George Dubya's Rolling Misinformation Tour 2005 The Pres hit the road yesterday, to hype up his Social Insecurity Fiasco. Oddly, he only seemed to visit Red States with Democratic Senators who have vowed to stop him. Coincidence? I think not. And despite the oft stated assertion that young people generally support the plan, the Times found many who did not (note- they conducted man on the street styles interviews in the bluest of Blue States, Boston, Mass).
More media outlets are analyzing the plan in detail, and are finding what the Post found yesterday- it's just a loan to government, immediately paid for with massive new Federal borrowing, followed by benefit cuts on the back end. This plan will not save Social Security as much as cripple it for good, and Progressives need to keep the pressure on the President and the Congress to dump it.
All parties agree- doing nothing is not an option, but the system can be saved with good ideas in more or less its present form with a minimum of difficulty. Despite the President's assertion in teh SOTU that he will listen to all ideas, he immediately stated that he would not consider raising the payroll tax. That's too bad, because Salon notes in the above piece that raising a two percent increase would keep the system afloat.
What would two percent mean? The payroll tax is split 50/50 between employer and employee, so two percent would actually be borne by the worker as a one percent raise. For a worker making $50K (simply to keep the math easy), 1% equals an extra $500 per year. Assuming that the worker receives 26 paychecks per year, he would pay an extra $19.24 per check.
And that's without benefit cuts. How much more could be saved if we also raised the retirement age? If we means tested benefits? If we invested the Trust Fund in something other than Treasury bonds? Fix the system- don't dismantle it.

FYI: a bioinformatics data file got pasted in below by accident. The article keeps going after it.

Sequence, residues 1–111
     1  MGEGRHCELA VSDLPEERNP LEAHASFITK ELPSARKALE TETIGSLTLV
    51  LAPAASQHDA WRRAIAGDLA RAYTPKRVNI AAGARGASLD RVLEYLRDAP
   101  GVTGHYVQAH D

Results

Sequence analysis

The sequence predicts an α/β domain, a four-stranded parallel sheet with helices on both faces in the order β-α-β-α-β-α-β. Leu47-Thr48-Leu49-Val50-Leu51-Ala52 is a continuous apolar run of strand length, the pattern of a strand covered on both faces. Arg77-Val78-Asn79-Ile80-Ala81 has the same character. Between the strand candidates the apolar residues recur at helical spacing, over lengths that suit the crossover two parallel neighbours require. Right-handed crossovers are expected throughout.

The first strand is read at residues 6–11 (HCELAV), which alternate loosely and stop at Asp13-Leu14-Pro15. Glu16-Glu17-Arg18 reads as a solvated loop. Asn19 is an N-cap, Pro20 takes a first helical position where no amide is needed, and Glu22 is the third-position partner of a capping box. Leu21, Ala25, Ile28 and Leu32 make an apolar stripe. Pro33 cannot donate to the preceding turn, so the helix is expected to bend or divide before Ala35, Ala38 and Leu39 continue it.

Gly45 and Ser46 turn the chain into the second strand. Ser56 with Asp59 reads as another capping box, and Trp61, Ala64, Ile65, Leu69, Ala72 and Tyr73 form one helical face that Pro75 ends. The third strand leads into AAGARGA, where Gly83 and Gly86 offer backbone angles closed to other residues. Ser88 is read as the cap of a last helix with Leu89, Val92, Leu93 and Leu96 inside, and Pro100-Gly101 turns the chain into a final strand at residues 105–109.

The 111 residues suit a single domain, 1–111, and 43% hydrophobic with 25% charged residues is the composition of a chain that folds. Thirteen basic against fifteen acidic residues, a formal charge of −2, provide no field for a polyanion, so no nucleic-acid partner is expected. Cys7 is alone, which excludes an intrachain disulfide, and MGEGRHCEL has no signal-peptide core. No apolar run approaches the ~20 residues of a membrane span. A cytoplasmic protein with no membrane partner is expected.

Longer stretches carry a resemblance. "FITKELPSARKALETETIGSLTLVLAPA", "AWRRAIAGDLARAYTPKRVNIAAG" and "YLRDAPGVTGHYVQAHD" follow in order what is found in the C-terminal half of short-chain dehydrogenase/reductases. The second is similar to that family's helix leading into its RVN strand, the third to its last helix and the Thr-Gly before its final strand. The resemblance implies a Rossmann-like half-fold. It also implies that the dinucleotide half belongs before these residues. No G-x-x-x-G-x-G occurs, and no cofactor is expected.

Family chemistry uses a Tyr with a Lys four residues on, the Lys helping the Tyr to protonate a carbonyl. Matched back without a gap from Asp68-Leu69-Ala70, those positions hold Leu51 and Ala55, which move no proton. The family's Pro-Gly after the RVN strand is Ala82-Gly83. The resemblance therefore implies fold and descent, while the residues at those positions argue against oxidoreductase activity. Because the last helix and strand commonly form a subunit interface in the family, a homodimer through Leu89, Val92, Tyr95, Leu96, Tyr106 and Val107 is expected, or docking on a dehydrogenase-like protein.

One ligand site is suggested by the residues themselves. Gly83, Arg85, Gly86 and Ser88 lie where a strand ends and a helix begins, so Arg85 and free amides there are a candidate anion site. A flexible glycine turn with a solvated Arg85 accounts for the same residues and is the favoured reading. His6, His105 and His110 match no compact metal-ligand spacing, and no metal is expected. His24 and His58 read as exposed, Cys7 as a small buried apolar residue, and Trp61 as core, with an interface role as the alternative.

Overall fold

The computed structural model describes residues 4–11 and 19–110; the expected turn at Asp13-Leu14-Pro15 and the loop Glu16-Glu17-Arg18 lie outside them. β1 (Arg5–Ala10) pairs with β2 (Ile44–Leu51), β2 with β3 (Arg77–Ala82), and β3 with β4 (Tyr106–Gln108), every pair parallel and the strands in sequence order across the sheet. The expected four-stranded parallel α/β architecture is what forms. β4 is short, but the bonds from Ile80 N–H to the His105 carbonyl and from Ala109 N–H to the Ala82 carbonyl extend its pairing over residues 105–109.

How Hard Could It Be? That is the slogan for Kinky Friedman's campaign to become the Governor of Texas. Kinky, one of my favorite people in the universe, is the writer/humorist/musician who rose to marginal obscurity in the 1970s with his country band The Texas Jewboys, and went on to write a series of hysterical mystery novels in 1990s. Kinky draws his inspiration from former pro wrestler and Minnesota Governor Jesse Ventura, who the Kinkster notes, " didn't realize that wrestling is real and politics is fixed."
The Times writes, To get on the ballot he needs 45,000 signatures, none from anyone voting in a Republican or Democratic primary. But he voiced confidence, saying, "There's so much apathy; that leaves me a lot of people."
Two Passings Of Note Max Schmeling passed away at 99, prompting me to ask, was Max Schmeling still alive? Seriously, Max Schmeling was a true giant- even though the Nazis touted him as the pinnacle of Aryan supremacy, he fought them every step of the way. He refused to join the party, he saved some Jews from the camps, and when the Nazis ordered him to divorce his Czech wife, he refused that as well.
And Ossie Davis, the actor and activist, has passed away at 87- he will be missed.
Thursday, February 03, 2005
It would seem that few commentators have noted the frequent appeals to young Americans. That's too bad, because for all his talk about the troubles of partisan politics, his speech was a blatant play for young voters. It's no secret that a majority of young Americans support fiddling with Social Security, while older voters are more skeptical and those facing imminent retirement adamantly opposed. But since older voters only have so many elections in front of them, the future, it seems, is with the future.
Hence, the President wants to toy with Social Security sooner rather than later, or at least make the effort. Young voters would be well advised to get off this bandwagon- the proposal is nothing more than smoke and mirrors. The plan is not the 401(k) style nest egg builder that it sounds like. According to the Post, here's how it works.
- A worker elects to divert 4% of his FICA total wages into the personal account, up to $1,000 per year.